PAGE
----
It’s Never Too Late to Change Your Career

Sometimes we think that the older we are, the less likely we can change our careers — to a successful degree. But it simply isn’t true. And this is why I love WordPress.

I love WordPress because it allowed me to change the entire trajectory of my career — at 42 years old.

My Backstory

I grew up poor. I learned office skills in high school, after a disastrous bus boy position. I needed to learn to type. That trade served me well all of these years.

My mom and grandmother told me I had to get a college education. They were right to push me. It took me seven years, three major changes, and a student loan balance, but I have that degree.

Shortly after I was married, we lost our business. Accountants, am I right? No offense, but this guy stole money and ran away with it. We fell on hard times.

I got my multiple subjects teaching credential and ended up teaching junior high and high school math at a private school at a church.

When I went for teaching I never considered parents. Whoa! No one told me there’d be so many bosses. No matter what I did, they were unhappy.

One year later, the school closed and I was out of a job. The church offered me a secretarial position for the same salary. That was fine by me, I never wanted to teach again.

Except for two years while finishing my degree at San Diego State and a year teaching, I’d been some form of secretary since I was 14. That’s a lifetime for some.

Look, office work is honest work. I’m good at it. I enjoyed it. But the potential for career (read: salary) growth is limited at best. Since my husband is retired, I was the sole provider.

I was feeling trapped.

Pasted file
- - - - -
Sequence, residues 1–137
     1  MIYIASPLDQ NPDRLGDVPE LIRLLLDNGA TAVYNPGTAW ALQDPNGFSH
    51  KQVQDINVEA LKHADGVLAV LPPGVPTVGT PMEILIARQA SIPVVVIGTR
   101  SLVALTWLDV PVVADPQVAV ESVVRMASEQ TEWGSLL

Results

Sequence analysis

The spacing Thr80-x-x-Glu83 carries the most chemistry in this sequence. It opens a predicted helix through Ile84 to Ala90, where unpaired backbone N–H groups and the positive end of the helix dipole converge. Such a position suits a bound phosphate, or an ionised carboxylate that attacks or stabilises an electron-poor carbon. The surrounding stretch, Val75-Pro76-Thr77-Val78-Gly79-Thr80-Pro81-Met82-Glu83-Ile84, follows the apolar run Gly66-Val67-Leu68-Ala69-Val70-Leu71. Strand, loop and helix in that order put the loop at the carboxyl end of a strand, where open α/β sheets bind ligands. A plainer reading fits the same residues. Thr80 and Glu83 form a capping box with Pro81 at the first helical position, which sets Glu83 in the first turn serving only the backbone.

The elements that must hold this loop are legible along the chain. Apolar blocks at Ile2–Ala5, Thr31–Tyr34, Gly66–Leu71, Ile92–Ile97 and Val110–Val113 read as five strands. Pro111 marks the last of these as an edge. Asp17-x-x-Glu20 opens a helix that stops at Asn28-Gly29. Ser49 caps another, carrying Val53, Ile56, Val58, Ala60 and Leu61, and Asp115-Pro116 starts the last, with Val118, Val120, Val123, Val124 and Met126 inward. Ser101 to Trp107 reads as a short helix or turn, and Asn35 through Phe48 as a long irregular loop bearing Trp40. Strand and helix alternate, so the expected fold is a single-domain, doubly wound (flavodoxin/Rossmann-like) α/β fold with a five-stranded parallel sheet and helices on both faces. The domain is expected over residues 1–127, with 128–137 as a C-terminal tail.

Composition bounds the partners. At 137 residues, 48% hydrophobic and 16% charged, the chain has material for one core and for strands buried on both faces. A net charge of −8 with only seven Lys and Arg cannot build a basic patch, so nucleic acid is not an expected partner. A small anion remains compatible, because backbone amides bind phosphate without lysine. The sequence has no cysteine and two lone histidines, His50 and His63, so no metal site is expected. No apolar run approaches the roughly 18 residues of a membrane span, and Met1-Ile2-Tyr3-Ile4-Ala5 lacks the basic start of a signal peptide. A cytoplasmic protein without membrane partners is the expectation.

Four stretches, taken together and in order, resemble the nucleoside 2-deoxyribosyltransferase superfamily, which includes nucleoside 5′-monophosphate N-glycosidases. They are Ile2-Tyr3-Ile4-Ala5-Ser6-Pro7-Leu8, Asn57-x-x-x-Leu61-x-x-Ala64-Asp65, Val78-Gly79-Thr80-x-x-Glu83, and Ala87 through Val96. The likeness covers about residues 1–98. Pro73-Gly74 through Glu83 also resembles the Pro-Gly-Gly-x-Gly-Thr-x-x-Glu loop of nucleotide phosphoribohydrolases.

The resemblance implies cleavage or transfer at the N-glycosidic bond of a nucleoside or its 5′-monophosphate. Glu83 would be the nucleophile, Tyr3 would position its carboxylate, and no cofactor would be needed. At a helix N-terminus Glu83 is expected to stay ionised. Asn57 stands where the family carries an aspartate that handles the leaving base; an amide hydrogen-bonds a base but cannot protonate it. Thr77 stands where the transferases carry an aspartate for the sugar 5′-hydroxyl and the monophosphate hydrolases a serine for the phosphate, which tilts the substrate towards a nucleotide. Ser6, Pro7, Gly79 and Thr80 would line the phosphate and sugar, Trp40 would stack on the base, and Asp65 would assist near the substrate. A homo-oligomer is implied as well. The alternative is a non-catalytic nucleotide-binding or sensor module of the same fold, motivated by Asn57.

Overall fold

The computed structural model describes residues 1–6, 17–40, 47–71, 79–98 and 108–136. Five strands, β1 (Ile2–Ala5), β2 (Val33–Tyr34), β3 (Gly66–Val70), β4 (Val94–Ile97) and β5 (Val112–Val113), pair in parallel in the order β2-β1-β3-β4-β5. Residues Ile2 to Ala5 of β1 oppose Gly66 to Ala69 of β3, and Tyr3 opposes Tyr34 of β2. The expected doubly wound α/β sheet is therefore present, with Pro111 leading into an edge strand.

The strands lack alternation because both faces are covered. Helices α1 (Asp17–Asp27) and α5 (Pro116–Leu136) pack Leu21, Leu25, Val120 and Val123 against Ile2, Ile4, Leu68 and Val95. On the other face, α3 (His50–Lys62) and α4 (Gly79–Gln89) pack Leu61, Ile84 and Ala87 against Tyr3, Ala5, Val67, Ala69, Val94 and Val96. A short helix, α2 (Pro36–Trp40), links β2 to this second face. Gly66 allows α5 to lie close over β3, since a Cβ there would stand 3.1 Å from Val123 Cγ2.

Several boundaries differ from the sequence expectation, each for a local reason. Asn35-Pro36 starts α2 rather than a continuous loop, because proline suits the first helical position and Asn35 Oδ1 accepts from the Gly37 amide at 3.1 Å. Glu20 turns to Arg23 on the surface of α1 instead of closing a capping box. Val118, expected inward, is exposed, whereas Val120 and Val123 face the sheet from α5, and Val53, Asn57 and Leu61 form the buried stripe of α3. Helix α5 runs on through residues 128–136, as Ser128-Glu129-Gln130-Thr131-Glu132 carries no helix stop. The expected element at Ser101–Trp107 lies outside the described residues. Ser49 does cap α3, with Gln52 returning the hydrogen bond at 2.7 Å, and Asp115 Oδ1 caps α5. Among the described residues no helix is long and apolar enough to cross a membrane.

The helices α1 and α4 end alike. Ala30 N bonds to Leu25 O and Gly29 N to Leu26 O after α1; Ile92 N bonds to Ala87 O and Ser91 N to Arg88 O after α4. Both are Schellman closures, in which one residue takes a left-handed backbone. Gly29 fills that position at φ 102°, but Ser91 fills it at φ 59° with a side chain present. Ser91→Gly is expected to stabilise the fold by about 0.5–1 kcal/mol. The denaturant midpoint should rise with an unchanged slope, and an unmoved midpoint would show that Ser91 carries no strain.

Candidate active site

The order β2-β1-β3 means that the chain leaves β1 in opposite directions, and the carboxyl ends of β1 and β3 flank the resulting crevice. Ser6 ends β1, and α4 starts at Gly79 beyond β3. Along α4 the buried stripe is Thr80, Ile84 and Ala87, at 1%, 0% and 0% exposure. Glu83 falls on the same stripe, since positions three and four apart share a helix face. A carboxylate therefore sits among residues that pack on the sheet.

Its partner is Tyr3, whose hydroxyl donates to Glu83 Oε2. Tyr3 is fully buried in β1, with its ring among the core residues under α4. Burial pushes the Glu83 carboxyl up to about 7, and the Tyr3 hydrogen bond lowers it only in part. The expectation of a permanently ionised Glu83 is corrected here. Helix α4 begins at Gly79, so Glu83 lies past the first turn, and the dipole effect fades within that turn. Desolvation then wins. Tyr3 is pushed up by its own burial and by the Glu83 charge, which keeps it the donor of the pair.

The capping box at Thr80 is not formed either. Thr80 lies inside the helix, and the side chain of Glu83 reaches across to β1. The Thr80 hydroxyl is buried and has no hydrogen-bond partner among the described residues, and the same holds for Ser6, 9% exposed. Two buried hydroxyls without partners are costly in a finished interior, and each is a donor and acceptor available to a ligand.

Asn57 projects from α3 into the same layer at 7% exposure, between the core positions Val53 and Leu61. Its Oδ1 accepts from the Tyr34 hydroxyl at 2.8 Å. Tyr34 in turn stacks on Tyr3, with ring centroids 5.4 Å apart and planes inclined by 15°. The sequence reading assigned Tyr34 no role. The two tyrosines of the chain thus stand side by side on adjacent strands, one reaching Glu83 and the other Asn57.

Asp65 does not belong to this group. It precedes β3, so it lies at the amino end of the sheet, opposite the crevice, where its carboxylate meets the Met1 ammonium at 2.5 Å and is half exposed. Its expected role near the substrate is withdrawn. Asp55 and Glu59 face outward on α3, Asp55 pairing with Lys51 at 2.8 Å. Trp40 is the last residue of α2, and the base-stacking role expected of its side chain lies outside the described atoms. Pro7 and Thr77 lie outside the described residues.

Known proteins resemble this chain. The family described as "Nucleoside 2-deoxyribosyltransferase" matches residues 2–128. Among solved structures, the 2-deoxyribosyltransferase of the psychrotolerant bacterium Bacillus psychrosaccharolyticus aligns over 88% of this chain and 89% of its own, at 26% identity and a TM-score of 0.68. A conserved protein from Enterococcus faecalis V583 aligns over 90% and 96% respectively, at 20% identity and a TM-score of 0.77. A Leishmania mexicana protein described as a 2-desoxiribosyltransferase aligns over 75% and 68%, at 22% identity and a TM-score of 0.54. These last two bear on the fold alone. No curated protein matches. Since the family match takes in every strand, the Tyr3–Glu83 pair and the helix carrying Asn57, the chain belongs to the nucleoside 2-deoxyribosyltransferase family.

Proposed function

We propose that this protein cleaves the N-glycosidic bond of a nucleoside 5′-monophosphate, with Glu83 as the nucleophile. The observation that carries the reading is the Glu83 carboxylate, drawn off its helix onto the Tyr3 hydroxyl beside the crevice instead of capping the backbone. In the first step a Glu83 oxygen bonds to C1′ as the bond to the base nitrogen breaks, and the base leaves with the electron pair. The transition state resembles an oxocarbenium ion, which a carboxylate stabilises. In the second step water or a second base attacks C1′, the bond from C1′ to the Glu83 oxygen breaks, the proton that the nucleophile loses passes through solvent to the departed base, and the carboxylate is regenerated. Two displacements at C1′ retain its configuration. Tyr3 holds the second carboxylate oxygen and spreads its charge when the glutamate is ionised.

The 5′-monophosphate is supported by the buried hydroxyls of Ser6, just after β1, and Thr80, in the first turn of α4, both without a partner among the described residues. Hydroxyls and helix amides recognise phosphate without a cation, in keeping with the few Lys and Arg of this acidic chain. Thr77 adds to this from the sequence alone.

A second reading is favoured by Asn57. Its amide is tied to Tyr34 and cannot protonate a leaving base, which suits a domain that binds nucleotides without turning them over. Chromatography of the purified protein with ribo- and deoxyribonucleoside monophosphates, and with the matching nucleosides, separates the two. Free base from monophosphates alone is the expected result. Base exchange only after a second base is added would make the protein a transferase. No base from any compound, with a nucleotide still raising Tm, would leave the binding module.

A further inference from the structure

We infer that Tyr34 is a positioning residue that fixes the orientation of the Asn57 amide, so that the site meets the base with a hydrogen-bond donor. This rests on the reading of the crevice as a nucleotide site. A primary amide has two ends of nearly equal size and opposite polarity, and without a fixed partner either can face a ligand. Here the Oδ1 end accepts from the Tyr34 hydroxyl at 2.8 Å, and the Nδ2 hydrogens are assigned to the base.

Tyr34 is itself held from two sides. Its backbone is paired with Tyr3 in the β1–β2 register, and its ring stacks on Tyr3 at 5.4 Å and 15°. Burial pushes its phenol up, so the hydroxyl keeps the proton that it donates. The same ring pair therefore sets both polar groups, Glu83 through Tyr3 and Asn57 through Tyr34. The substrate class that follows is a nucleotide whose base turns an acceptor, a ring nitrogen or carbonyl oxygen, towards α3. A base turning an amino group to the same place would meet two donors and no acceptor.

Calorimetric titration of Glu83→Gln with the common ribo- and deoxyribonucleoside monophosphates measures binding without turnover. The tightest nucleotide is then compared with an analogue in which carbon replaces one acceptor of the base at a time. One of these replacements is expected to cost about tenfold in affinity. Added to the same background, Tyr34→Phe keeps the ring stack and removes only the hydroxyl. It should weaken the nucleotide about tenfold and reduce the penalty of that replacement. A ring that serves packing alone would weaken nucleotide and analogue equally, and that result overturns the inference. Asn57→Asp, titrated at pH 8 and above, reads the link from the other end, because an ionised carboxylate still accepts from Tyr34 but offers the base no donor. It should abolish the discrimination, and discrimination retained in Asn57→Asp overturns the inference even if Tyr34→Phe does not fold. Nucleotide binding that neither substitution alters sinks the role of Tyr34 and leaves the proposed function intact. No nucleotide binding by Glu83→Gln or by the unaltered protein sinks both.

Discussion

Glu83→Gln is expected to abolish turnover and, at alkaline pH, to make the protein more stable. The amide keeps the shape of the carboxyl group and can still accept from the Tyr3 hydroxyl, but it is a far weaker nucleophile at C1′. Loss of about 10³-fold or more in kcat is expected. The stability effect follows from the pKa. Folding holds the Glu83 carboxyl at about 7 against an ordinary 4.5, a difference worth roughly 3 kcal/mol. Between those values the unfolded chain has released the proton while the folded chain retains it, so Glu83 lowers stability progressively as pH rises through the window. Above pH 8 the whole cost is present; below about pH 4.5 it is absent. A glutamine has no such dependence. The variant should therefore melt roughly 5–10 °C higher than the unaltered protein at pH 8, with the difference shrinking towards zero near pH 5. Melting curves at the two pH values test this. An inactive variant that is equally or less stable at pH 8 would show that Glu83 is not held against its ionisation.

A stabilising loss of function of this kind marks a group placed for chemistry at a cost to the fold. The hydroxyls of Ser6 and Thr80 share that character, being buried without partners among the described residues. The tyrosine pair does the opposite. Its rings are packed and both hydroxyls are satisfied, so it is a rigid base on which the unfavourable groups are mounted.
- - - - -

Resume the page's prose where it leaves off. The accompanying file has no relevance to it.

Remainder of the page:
Social Media Guru

In 2009, I started tweeting for Riggins Construction — along with my Office Manager duties. The economy tanked. Something had to be done. So I did it.

You know, there are people who talk about being self-starters and then there are those of us who go forward and ask permission later.

People started asking me questions. They saw something that, at the time, I did not. I was good at this social media stuff. Joking, I started this whole blog/persona: You, Too, Can Be a Guru.

I didn’t start content marketing at my former job in order to leave it. I just wanted to do something positive. I learned a lot from 2009-2015.

The WordCamp Era

I started going to WordCamp because of my friend Pam of Pam Ann Marketing.

With Carol Stephen at WordCamp Orange County 2013 – My very first.

There were a group of us who got to know each other on Twitter. Each of us were in the construction or industrial sector trying to make B2B connections. A joke about us being “The Pink Ladies of Twitter” turned into a Facebook group and the rest is history.

So when Pam mentioned she planned to attend WordCamp Orange County back in 2013, I didn’t know what it was or entailed.

We wanted to hang out with Pam and for only $40 there was no reason not to go. So, my other pal Carol flew down from the Bay Area and we loved it. Pam didn’t make it that year. We started a fun tradition. If you want to know what a WordCamp is read this post.

Social Media Mastermind

If you want to level up your life, you have to hang around people who 1) think differently than you do; and, 2) are smarter than you are.

I started attending a meetup in January of 2014 that I’d seen people tweeting about: SMMOC.

This mastermind group is a facilitated discussion. The people who attend want to learn from one another. To say this is an amazing group of people is an understatement.

Some of us went to lunch afterward, we became Facebook Friends, etc.

We bonded and the hashtag kept us together. It’s no longer running but those people are still my peers and close friends.

Apply For A Crazy Job

Sometimes, you have to apply for a job you don’t think you can do. Maybe you think you can do it. But this post wouldn’t be complete without acknowledging Buffer’s role. When their job posting came up for a Happiness Hero (and they post the salary because of transparency) I knew that a career in social media could be a reality for me.